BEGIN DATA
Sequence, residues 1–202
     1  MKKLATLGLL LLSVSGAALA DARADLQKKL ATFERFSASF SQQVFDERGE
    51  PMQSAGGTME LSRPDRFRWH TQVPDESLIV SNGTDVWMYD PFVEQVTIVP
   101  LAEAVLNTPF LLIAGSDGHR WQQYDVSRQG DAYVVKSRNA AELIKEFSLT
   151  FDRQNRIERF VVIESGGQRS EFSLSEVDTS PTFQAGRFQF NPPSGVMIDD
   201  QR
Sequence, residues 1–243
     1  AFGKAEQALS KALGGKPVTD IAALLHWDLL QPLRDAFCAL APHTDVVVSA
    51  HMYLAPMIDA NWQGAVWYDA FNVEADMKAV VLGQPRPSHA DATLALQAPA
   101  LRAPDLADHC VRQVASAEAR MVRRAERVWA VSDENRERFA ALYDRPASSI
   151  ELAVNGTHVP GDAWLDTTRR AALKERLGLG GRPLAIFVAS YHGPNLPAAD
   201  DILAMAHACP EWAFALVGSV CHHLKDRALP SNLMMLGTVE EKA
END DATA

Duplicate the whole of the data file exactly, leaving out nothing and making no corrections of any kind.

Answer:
Sequence, residues 1–202
     1  MKKLATLGLL LLSVSGAALA DARADLQKKL ATFERFSASF SQQVFDERGE
    51  PMQSAGGTME LSRPDRFRWH TQVPDESLIV SNGTDVWMYD PFVEQVTIVP
   101  LAEAVLNTPF LLIAGSDGHR WQQYDVSRQG DAYVVKSRNA AELIKEFSLT
   151  FDRQNRIERF VVIESGGQRS EFSLSEVDTS PTFQAGRFQF NPPSGVMIDD
   201  QR
Sequence, residues 1–243
     1  AFGKAEQALS KALGGKPVTD IAALLHWDLL QPLRDAFCAL APHTDVVVSA
    51  HMYLAPMIDA NWQGAVWYDA FNVEADMKAV VLGQPRPSHA DATLALQAPA
   101  LRAPDLADHC VRQVASAEAR MVRRAERVWA VSDENRERFA ALYDRPASSI
   151  ELAVNGTHVP GDAWLDTTRR AALKERLGLG GRPLAIFVAS YHGPNLPAAD
   201  DILAMAHACP EWAFALVGSV CHHLKDRALP SNLMMLGTVE EKA